A few weeks ago in our Project Lab blog, there was a discussion about what constitutes an “animal” and how this may influence the way we make decisions about conservation.  A polar bear may be more charismatic than a shrimp or a coral to some, but there are many invertebrate species that still need our attention even if they don’t have the same “cute” factor.  Have you ever heard of the Boreal digging frog (Kaloula borealis), or the Red-footed crab (Sesarma intermedium)?  These are two endangered species that reside on Jeju Island, an island off the southern coast of Korea. Island species can be especially sensitive to any changes in habitat due to their isolated evolution.  Whether it is inter-specific competition between native and non-native species or habitat degradation leaving species with limited space to relocate, population decline can happen quickly in smaller island populations.  While this frog and crab are not necessarily cuddly, they still are an important part of a local ecosystem and need to be recognized.




Jeju Island, situated about 270 miles off the southern coast of the Korean peninsula, is a distinctive island ecosystem and culture. Known for its great natural beauty, Jeju Island is home to the Jeju lava tubes, a UNESCO World Heritage Site designated in 2006, as well as beautiful soft coral reefs and bountiful farmland.  These soft coral reefs and coastline of volcanic rock, known as gureombi, are habitat to many different types of invertebrates that are harvested by haenyo, or free divers.  A group comprised mainly of women and representing the matriarchal structure in Jeju, these haenyo collect marine invertebrates from the coastline for food as well as income.  Leading into the ocean are freshwater streams and ponds that have created fertile farmland for a variety of crops.  Inhabiting the surrounding areas of terrestrial and freshwater ponds and streams are Sesarma intermedium, and Kaloula borealis, both considered Class II endangered species under the Ministry of the Environment of South Korea.  This means that these species are under threat of extinction due to natural or human factors.




The Red-footed Crab (Sesarma intermedium), is a terrestrial crab that lives in wetlands and freshwater close to the coastline.  Although they spend the majority of their time in these freshwater environments, once the females release their eggs, the eggs must travel downstream to saltwater in order to hatch.  Adult crabs have been known to rest and feed in the rocky coastline of gureombi.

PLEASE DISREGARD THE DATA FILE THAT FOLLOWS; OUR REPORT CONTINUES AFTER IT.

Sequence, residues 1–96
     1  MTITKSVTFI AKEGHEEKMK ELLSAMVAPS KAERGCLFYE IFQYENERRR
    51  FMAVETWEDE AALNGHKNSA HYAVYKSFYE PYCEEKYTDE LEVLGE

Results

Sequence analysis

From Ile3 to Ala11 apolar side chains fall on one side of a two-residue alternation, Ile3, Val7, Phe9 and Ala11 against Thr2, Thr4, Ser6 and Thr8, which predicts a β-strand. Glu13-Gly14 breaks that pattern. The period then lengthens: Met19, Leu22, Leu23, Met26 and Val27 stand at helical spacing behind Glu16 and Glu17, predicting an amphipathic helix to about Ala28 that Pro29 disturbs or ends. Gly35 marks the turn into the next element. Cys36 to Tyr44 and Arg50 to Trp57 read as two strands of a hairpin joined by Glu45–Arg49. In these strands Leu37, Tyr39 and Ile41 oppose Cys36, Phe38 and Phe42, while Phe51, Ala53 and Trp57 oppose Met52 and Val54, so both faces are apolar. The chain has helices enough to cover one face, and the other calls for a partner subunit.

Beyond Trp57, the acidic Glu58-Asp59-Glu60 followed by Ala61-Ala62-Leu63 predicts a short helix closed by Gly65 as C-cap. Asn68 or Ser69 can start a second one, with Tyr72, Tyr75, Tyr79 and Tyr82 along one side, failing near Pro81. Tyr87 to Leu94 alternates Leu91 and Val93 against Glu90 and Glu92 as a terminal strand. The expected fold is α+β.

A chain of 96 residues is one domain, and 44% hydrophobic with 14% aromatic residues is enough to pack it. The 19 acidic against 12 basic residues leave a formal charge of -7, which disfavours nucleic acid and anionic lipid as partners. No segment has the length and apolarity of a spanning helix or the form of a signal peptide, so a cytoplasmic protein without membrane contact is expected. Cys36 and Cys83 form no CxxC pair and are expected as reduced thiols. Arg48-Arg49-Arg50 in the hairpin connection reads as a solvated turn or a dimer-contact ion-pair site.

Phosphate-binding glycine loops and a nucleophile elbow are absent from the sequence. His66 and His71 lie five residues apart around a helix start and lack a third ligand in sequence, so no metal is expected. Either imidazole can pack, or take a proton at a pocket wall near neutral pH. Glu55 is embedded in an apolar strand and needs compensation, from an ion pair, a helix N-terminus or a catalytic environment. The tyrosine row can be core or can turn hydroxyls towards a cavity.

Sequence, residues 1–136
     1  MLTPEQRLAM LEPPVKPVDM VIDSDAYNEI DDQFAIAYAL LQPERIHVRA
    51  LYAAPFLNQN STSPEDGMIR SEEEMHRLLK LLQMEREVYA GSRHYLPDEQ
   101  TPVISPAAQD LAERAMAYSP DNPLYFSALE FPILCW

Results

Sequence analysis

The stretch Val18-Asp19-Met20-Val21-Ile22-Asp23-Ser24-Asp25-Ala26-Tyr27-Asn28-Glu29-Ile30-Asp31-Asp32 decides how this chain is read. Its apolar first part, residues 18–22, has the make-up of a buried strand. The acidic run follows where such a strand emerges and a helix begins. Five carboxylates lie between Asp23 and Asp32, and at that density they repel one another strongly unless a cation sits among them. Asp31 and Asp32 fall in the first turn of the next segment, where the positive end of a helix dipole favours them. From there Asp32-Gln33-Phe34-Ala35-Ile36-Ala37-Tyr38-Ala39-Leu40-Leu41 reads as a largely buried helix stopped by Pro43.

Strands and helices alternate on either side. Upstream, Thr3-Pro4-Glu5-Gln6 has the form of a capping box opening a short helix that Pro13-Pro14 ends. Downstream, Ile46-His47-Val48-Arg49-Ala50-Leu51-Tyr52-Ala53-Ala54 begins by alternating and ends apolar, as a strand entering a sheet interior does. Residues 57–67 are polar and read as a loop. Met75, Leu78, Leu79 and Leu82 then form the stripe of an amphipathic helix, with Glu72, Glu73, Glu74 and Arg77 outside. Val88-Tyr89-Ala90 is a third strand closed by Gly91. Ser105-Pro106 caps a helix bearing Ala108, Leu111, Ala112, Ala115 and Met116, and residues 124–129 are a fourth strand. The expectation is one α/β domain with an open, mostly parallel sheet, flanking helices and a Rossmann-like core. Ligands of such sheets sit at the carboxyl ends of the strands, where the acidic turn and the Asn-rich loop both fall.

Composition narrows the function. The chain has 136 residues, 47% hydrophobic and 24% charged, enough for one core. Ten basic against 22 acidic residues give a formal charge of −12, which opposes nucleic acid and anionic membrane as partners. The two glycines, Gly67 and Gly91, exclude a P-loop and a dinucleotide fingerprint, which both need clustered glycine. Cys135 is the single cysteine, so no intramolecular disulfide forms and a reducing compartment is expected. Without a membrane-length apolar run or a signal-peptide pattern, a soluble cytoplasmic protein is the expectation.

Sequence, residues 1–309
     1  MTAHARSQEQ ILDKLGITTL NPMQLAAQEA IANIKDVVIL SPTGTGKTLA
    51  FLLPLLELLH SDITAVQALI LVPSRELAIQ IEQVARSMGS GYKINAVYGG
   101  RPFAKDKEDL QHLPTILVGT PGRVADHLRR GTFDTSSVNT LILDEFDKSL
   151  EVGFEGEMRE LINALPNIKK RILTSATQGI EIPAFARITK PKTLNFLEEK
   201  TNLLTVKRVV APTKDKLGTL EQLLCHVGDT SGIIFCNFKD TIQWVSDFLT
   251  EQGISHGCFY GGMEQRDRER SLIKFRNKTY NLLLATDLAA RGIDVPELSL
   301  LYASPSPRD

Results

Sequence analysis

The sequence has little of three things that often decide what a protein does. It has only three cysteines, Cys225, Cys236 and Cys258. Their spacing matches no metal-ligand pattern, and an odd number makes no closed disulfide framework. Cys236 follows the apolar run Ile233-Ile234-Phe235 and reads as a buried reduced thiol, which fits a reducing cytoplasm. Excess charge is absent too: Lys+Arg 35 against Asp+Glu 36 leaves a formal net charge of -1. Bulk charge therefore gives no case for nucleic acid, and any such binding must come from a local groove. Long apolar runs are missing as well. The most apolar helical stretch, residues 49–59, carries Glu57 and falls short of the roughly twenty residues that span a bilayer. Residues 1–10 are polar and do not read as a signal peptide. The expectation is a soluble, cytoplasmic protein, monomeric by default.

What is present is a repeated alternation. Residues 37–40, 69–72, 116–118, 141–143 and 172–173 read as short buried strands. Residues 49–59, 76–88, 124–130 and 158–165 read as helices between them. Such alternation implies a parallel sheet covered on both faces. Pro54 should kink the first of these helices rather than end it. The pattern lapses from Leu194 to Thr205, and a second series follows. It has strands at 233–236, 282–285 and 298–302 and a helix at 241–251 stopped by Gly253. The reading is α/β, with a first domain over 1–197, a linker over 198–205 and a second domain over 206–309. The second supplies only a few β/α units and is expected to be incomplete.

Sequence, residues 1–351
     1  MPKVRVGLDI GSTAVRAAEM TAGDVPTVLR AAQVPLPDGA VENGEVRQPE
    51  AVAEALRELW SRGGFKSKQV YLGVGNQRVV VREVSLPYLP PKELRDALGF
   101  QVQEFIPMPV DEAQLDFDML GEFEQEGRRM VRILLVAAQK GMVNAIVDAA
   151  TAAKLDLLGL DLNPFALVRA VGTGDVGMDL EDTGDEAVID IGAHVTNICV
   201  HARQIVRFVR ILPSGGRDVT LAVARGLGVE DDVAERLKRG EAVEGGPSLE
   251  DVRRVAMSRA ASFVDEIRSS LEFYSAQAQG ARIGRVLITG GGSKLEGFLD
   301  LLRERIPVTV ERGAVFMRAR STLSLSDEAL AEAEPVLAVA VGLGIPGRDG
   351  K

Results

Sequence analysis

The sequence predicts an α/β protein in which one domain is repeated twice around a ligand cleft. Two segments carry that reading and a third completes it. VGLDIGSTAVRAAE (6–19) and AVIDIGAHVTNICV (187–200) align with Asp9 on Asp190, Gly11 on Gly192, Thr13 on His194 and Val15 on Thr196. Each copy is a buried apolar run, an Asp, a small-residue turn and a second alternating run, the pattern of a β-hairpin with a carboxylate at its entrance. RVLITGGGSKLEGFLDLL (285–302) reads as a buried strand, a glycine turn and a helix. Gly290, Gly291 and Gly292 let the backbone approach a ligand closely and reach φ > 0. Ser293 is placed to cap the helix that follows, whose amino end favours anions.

The Boreal digging frog (Kaloula borealis), is a small amphibian with a range throughout Northeast Asia.  Living in farmlands such as rice paddy fields and breeding in small ponds or rainwater pools this frog is common in the majority of its habitat, but considered endangered within the Korean peninsula due to habitat degradation and loss of breeding areas.  These frogs belong to a group known as “narrow mouthed frogs,” meaning their body shape is more oval with the mouth area smaller than its wider anterior end.  A nocturnal species, these frogs emerge from an underground burrow at night to hunt small insects.



On the southern coast of Jeju Island is a small area designated an Absolute Conservation Area by the Korean government, as well as a Natural Memorial by the Cultural Heritage Administration of Korea and can be called home to both these endangered species.  Sitting amongst these protected areas is Gangjeong village.  Initially proposed in 1993 but starting in 2007, plans have moved forward to build a Republic of Korea/US military base in Gangjeong.  While not all the villagers oppose the base, it has become a deeply divisive issue within the community.  Those against the construction of the base fear it threatens a way of life of the people in Gangjeong, like haenyo and farmers who rely on the soft coral reefs, gureombi and surrounding freshwater for food and spiritual connection.  Once teeming with life, the gureombi has recently been paved over with concrete and pillars erected next to the soft coral.  Also considered a sacred space, the loss of the gureombi is seen as not only as loss of species habitat, but also a loss of cultural heritage.

The government has worked to relocate the endangered species on Jeju, however more long term data is usually needed for these types of studies to determine success.  Habitat restoration or relocation to new areas can sometimes be viable options for species facing loss of natural habitat, but ecosystems are complicated. Many of the finer complexities and connections are still unknown to researchers making it difficult to recreate ideal conditions.  This belief that natural habitat should be conserved for all species using the area has led to calls to halt construction efforts in Gangjeong.  Currently construction plans continue.  In situations like these, it can be tough to determine what is the best course of action. As mentioned before, conservation can be influenced by our perception of what needs protection and what species are important to a fully functioning ecosystem.  In the case of Gangjeong village, we can only hope that our voice is heard and that all sides are considered before completely and forever altering a habitat found nowhere else.


Codie Otte

Curatorial Assistant and Specimen Preparator

Ornithology & Mammalogy Department

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